Imagine a soccer field with thinning grass at midfield, dirt patches in the goalmouths, and dead yellow splotches throughout the entire field. Ugly.
All of these are the result of field overuse and insufficient maintenance. Dozens of cleats trample the grass on a daily basis, causing soil compaction. This occurs mostly in high-traffic areas like midfield, sidelines, and goalmouths.
Soil compaction is when soil particles are compressed into a smaller volume. This decreases the pore space (the space between particles) and causes many problems:
- Water cannot infiltrate the soil. The roots won’t get the water they need, and pools of water will form on the field. Grass growth will be limited because it is essentially experiencing a drought.
- The roots can’t grow because the soil is too condensed.
- Oxygen and other nutrients cannot flow throughout the soil. Without nutrients, the grass will start to thin out and die.
Combatting Compaction-It’s Worth the Effort
Unfortunately, soil compaction is inevitable on a sports field, but you can slow it down. Here are a few suggestions from the Sports Turf Managers Association to prolong the life of your natural field:
- Rotate activities and practices between fields. This allows the grass “time off” to grow and repair itself.
- Use portable goals and move them around for practice. This alternates traffic patterns and shifts activity from the high-traffic areas used during game time.
- Do warm-ups off the field. This is an easy change that can take pressure off the field for a time. Even twenty minutes a day for warm-up and cool-down will help to prevent field overuse.
- Only permit mandatory activities to take place on the field. There are events, dances, concerts, etc. that can be held elsewhere. The field is designed for sports practice and games. Anything extra will provide extra damage.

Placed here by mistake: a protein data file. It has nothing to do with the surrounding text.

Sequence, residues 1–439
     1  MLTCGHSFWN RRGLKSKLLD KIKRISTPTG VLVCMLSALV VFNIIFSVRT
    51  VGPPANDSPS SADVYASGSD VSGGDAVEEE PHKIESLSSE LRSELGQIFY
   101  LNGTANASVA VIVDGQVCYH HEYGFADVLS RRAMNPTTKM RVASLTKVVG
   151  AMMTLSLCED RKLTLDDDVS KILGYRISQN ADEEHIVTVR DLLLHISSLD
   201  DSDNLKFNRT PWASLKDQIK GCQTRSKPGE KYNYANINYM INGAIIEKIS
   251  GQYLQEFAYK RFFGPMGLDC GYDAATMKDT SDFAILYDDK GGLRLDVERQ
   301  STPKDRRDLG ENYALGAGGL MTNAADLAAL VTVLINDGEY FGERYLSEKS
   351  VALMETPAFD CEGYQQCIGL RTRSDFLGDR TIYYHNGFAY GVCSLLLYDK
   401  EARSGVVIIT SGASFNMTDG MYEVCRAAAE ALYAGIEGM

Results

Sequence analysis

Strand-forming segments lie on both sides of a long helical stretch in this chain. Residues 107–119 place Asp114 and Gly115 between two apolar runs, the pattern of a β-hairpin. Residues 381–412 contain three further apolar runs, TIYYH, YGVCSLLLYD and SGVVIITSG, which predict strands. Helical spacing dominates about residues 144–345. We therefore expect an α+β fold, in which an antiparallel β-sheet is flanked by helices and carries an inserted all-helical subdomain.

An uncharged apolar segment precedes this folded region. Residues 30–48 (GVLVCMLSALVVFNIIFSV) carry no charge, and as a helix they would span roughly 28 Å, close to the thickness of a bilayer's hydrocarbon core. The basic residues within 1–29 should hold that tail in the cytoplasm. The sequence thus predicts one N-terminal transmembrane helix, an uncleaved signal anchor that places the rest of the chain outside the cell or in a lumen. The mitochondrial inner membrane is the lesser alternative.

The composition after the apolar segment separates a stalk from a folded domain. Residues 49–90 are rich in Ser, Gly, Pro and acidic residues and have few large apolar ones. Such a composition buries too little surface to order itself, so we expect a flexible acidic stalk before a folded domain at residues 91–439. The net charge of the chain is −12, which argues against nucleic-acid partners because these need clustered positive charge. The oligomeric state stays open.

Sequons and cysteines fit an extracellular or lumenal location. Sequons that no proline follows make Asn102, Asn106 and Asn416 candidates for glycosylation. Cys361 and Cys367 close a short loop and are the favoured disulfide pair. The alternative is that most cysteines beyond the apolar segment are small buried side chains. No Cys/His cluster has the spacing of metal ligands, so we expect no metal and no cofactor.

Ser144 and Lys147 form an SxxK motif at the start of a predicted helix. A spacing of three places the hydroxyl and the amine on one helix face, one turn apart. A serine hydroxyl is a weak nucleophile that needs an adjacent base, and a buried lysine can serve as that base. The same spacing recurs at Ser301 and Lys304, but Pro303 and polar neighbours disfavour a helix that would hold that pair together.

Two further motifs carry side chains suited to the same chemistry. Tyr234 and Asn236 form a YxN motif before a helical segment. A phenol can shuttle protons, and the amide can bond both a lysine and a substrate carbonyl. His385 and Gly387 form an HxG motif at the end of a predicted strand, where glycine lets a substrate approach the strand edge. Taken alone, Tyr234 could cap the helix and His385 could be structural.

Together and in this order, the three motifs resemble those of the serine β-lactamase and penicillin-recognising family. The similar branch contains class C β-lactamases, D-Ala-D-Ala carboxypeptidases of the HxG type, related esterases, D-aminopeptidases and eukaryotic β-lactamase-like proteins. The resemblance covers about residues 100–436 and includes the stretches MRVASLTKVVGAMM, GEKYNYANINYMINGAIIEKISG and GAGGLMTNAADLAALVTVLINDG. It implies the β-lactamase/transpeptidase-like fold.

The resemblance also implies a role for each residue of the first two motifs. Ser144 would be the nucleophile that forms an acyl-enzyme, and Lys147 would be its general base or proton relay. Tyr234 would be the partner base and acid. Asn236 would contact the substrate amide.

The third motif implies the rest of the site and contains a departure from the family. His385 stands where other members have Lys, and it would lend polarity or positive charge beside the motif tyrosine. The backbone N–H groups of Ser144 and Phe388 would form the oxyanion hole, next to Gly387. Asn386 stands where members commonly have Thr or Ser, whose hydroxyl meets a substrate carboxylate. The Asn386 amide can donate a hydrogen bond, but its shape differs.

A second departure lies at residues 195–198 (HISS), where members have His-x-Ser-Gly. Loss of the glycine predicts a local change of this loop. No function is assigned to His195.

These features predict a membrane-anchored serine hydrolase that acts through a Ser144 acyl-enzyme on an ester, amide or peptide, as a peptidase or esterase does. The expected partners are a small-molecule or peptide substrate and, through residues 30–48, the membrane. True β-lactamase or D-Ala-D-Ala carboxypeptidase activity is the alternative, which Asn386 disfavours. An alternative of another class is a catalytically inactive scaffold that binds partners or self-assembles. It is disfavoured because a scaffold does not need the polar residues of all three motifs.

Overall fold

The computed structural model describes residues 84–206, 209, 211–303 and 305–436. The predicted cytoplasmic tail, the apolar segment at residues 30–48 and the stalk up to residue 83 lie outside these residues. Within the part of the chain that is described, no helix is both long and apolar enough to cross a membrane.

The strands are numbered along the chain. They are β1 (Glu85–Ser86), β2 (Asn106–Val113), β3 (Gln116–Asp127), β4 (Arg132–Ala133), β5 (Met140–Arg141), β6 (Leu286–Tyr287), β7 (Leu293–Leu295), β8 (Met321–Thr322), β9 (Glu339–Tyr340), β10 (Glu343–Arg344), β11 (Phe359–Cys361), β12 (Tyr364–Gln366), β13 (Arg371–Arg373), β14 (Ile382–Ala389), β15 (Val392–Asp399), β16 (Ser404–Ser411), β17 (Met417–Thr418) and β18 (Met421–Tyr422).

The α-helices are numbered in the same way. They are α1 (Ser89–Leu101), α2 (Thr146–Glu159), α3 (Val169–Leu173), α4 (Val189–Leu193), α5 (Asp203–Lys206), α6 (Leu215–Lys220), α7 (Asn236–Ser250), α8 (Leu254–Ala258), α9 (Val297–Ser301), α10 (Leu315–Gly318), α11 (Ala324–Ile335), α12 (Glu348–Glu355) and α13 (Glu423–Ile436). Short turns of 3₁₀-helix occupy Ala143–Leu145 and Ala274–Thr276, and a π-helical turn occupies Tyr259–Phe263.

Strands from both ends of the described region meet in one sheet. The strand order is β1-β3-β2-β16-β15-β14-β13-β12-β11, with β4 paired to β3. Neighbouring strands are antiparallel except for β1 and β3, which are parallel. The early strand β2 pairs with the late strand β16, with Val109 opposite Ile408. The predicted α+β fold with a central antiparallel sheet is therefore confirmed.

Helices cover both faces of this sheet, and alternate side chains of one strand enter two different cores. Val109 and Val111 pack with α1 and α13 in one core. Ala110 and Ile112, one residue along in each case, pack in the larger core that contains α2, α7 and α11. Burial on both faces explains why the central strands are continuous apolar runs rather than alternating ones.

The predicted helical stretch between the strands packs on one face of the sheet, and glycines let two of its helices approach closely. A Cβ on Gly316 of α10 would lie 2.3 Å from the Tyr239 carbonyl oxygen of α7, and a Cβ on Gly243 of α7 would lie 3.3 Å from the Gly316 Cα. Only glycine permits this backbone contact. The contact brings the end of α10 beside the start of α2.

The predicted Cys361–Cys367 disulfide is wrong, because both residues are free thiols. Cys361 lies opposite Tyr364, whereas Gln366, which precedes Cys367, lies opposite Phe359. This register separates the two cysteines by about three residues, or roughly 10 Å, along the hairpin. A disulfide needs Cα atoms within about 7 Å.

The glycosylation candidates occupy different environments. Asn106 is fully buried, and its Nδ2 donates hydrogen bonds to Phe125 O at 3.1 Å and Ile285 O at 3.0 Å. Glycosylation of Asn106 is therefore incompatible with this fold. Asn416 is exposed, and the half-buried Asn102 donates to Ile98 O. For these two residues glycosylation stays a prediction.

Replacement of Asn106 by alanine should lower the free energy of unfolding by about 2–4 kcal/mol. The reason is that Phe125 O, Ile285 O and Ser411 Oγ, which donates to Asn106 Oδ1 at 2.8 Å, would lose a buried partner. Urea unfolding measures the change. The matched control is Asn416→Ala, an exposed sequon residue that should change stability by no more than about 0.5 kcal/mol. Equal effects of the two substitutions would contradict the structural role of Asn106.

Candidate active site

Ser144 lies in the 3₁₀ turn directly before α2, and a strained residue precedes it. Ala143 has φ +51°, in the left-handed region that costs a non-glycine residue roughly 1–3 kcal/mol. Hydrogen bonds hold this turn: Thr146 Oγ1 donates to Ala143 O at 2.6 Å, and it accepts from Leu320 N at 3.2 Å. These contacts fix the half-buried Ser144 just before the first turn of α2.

- Educate field users about rotating foot traffic patterns. The more the coaches know, the better they will be willing to rotate their drills.
Is the Dying Field Your Fault? Depends on Your Maintenance
Sorry to break it to you.
If your field is dying, it’s not the grass’s fault.
You’ve got to have good maintenance. This allows for more playing time and prolongs the life of your field. No, It’s not a hole in your wallet. Keeping your field dense and green will increase its lifespan and increase player satisfaction.
There are many necessary steps to maintaining a natural field. The basics, of course, are water and mowing. Then comes aerification. Aerification improves the amount of oxygen in the soil, which helps the roots stay alive and continue growing. A technique called verticutting removes the dead organic layer, called “thatch” from the top of the soil. This allows sunlight and water to penetrate the soil and nourish the grass roots.
Next up?Topdressing with sand will allow more oxygen in the soil profile and naturally levels out the field. Overseeding, which is adding grass to already established fields, especially in the off season, will increase grass growth and decrease the negative effects of playing time. You can even overseed high-traffic areas during the season. Allow rest periods so the grass can replenish itself, and perform soil tests to know the exact type of fertilizer your field needs. All of these techniques will help your grass grow faster and more dense.
The main idea is this:
The more you put into it, the more you’ll get out of it.
High-level maintenance takes more time and effort but allows for more playing time without ruining the grass. Create a year-round maintenance plan and educate field users so your field stays dense, green, and beautiful throughout the entire year.
Steinback, Paul. “Maintaining High-wear Areas on Natural Grass Fields.” athleticbusiness.com. Aug 2013.
Synthetic Turf Council. “Synthetic Turf 360: A Guide for Today’s Synthetic Turf.”
White, Patrick. “Maintenance Matters on Your Synthetic Turf.” Sportsfield Management Magazine. 24 Oct 2016.